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Opinion >  Letters

Willingness to change habits

In response to “Forces of Nature,” (Aug. 8) and “Clean summer air is but a dream,” (Aug. 11):

I worry your readers might be lulled into thinking their only options around climate change are denial or fatalism. Or we may mistakenly think that wildfire smoke is the only health hazard aggravated by climate change.

When the American Medical Association and 70 other U.S. health groups stated that climate change is “a true public health emergency,” they also offered a 10 point policy proposal to change that course. Leading health care organization assert that addressing climate change is the public health opportunity of the 21st century.

Let’s not skip from denial to fatalism. Let’s act. We enacted seat belt laws, established immunization programs, restricted secondhand smoke, and eliminated lead from gasoline and paint. As a result, we reaped the benefits of 30 years longer life expectancy, improved quality of life and reduced violent deaths.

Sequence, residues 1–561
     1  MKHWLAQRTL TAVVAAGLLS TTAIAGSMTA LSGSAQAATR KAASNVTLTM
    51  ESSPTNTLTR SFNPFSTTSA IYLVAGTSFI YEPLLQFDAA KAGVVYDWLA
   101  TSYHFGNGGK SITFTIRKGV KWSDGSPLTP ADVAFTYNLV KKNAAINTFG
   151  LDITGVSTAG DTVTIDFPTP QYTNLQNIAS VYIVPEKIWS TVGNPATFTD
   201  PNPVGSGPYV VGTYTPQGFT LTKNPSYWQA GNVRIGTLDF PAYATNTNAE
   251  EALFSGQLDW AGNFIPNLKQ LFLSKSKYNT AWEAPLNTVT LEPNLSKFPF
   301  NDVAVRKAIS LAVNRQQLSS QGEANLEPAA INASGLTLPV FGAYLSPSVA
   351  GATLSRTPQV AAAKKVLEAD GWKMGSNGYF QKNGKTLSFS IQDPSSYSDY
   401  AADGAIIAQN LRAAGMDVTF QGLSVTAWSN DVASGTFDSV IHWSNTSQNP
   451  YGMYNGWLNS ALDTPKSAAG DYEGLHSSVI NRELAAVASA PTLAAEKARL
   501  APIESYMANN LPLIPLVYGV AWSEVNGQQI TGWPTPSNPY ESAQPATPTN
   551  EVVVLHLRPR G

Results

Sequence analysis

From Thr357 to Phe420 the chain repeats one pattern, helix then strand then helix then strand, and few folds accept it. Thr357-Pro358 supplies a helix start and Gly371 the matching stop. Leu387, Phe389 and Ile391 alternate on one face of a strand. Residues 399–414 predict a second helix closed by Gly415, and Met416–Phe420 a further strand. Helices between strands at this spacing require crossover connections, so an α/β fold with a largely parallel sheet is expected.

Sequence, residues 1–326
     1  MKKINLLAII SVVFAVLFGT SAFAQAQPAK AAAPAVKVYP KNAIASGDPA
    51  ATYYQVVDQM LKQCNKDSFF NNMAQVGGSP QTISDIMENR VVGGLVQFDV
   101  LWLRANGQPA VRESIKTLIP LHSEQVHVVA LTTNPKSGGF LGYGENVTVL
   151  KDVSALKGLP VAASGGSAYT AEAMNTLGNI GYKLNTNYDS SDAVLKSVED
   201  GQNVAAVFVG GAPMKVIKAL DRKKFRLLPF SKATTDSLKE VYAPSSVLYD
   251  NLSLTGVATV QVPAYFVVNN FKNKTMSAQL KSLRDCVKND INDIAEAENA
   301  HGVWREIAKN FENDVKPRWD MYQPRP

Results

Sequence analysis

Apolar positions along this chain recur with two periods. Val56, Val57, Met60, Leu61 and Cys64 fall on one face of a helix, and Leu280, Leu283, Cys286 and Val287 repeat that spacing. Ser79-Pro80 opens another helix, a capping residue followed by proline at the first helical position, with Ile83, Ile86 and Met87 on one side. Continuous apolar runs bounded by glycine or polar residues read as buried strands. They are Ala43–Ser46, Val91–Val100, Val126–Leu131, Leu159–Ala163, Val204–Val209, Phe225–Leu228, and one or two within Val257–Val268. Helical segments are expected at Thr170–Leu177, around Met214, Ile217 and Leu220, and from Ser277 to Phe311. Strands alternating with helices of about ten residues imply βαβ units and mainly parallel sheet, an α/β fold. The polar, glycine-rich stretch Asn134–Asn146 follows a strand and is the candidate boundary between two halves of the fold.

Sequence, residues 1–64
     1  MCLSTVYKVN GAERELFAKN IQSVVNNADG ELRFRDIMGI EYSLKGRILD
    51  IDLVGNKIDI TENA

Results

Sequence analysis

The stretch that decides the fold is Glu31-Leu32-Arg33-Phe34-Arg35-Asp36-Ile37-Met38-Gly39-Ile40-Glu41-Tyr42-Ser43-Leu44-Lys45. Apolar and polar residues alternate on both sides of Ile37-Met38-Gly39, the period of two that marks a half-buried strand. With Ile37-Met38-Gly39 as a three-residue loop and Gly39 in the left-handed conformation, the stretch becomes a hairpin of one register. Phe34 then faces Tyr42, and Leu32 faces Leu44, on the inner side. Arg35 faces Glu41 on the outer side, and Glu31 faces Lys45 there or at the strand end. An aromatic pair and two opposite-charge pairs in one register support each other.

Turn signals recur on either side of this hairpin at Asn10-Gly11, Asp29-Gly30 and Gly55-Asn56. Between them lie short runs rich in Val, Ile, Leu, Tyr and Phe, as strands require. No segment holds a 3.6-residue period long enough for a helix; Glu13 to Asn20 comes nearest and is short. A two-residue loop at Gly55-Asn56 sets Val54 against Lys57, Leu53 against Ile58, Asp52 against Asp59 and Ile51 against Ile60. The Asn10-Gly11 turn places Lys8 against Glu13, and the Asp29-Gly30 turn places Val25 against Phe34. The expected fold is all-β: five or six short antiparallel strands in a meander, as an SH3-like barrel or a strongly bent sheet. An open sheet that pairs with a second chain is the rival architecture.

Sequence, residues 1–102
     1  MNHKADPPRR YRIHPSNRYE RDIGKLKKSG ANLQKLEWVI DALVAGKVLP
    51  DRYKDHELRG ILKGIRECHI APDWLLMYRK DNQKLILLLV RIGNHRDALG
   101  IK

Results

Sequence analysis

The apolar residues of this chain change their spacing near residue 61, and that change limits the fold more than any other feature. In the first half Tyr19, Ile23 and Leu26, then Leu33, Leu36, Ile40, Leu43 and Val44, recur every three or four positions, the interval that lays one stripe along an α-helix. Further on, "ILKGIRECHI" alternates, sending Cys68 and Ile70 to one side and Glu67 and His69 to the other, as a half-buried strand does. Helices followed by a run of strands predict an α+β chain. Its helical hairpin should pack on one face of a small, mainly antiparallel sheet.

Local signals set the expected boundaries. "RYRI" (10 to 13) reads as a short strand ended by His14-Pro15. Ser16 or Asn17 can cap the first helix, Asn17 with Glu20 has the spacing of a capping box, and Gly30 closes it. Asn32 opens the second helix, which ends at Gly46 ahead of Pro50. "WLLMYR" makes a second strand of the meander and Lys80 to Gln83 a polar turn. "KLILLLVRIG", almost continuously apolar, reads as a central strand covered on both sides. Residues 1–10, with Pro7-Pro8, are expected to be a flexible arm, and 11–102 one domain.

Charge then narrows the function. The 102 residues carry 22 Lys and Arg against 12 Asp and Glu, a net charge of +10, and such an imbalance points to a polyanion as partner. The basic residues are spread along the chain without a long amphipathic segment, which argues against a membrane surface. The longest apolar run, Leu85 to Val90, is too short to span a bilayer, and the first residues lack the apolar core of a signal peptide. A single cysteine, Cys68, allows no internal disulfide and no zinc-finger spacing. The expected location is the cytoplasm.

We can have clean air, clean water and a safe, secure future. We can transition off fossil fuels with electric transportation and efficient electric heat, which will improve our air quality and our health. We can improve energy efficiency, and build clean energy production and storage so we need not merely accept food insecurity, more dangerous storms, heat waves, flooding and increasing disease.

What we need is a willingness to change our habits, just as we did with seat belts, smoking and unleaded gasoline. With some effort and shared concern, we can make the future even better than the past, with clean air, clean water, and better health for all. Visit climatehealthaction.org

Rebecca MacMullan

Spokane


 

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